Scratch Programming

You might have heard of one of the many calls to “teach kids to code.” Calls for curricular reform are certainly not a new phenomenon in education – they are often well-meaning but they also tend to overlook some of the complexities of curricular reform. It is important to question any particular educational approach that might be held as a panacea for the challenges facing education today. That said, we recognize that there is something important that our Maker Pedagogy Lab can learn from the work being done to make learning to program an accessible goal for students and teachers.

A programming language known as “Scratch” seems particularly well-suited to our developing understanding of maker pedagogy. It encourages programmers of all ages to design and create their own programs as well as adapting and deconstructing (ethically hacking) existing Scratch programs created by others. We support the work done by the Scratch Team at the Lifelong Kindergarten group at MIT Media Lab. Dr. Mitch Resnick of the MIT Media Lab had the following to say in a TED talk he gave titled “Let’s teach kids to code”:

It’s useful to make an analogy to reading and writing. When you learn to read and write, it opens up opportunities for you to learn so many other things. When you learn to read, you can read to learn. Now some of the things you can learn [from coding] are sort of obvious. You learn more about how computers work. But that’s just where it starts. When you learn to code, it opens you up to learn many other things . . . . When you become fluent with reading and writing, it’s not something that you’re doing just to become a professional writer. Very few people become professional writers. But it’s useful for everybody to learn how to read and write. Again, the same thing with coding.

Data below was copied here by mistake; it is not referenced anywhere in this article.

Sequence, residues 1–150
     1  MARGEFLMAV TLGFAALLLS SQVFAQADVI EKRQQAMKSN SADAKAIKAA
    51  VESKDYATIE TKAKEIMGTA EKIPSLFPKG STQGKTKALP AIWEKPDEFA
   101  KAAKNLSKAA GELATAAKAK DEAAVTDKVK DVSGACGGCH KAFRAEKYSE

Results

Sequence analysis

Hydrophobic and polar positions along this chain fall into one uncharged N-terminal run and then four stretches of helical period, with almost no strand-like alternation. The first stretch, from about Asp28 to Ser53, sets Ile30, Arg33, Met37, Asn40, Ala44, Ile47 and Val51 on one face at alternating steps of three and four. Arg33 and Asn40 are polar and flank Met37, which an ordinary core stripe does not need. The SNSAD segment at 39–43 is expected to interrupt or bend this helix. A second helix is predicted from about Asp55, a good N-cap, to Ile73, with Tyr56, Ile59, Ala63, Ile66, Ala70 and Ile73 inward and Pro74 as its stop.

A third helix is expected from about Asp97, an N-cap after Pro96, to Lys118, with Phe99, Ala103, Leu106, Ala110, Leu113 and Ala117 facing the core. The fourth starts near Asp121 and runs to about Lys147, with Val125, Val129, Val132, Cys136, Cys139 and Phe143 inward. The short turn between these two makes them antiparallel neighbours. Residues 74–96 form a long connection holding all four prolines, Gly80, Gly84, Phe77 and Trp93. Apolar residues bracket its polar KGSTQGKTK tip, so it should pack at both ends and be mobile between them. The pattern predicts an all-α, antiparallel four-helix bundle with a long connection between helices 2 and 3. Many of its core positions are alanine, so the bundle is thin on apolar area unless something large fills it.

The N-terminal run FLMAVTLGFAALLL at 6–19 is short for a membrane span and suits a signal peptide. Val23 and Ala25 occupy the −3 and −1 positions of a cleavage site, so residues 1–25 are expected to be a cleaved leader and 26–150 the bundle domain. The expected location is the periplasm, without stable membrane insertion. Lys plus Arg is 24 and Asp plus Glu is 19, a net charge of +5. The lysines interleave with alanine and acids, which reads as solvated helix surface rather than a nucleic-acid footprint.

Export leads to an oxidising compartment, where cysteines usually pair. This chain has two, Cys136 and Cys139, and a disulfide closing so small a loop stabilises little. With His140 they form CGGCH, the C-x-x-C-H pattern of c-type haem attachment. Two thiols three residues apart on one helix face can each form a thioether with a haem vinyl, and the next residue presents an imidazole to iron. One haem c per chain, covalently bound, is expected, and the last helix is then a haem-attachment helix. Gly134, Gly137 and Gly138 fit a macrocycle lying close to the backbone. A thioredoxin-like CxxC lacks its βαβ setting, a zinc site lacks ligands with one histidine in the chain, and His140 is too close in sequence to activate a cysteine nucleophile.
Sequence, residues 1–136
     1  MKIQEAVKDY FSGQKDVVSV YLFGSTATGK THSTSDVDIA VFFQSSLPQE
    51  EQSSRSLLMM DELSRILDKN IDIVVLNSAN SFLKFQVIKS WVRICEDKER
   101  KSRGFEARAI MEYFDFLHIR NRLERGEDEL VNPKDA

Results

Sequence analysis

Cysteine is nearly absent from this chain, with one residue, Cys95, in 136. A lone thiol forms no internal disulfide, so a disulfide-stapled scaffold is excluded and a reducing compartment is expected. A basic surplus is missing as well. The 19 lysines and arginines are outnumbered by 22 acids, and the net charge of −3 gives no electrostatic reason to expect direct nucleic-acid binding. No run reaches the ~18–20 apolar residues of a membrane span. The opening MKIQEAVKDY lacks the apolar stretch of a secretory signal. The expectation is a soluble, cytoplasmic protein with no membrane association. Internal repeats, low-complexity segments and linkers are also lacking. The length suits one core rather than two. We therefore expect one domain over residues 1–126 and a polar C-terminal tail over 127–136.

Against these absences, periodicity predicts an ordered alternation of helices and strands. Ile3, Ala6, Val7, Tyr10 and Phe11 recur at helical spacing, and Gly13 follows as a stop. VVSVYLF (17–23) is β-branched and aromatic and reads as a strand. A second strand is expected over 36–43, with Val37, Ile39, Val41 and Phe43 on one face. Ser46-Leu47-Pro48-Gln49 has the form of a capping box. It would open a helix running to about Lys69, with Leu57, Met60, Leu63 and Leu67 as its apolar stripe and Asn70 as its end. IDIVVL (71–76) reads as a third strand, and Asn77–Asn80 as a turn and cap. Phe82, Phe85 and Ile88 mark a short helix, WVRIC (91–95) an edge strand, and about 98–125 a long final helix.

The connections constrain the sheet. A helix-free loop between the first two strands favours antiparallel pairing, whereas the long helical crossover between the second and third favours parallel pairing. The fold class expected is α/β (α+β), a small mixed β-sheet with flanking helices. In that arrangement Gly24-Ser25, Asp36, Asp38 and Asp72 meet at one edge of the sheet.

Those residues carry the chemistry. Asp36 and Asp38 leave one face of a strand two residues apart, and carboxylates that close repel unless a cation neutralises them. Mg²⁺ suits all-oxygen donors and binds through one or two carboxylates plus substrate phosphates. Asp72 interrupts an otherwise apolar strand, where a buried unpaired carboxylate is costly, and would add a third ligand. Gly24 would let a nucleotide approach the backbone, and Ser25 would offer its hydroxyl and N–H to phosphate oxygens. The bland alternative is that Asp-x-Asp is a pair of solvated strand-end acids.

One of the things that I like about Dr. Resnik’s talk is that he introduced some nuance to why one might encourage students to learn to code. For Resnik et al.(2009) “digital fluency requires not just the ability to chat, browse, and interact but also the ability to design, create, and invent with the new media” (p. 62). In our Maker Pedagogy Lab, we are conducting research into how teaching future teachers how to code might contribute to the development of what we refer to as maker pedagogy.

The Scratch programming language is highly accessible to those who have never programmed before and that it requires no initial financial outlay to “get coding.” One needs only a computer, browser, and an internet connection. Programmers choose from a library of scripts in general categories such as motion, control, sensing, and operators to create interactive stories and games staring “sprites” (images) in any number of backgrounds. One of the strengths of Scratch is that it allows the programmer to receive instant feedback on the program as it develops.

There are a plethora of resources available for Scratch online:

A paper written by Resnick and colleagues about the Scratch language: PDF

Resnick, M., Silverman, B., Kafai, Y., Maloney, J., Monroy-Hernández, A., Rusk, N., … Silver, J. (2009). Scratch: programming for all. Communications of the ACM, 52(11), 60–67.

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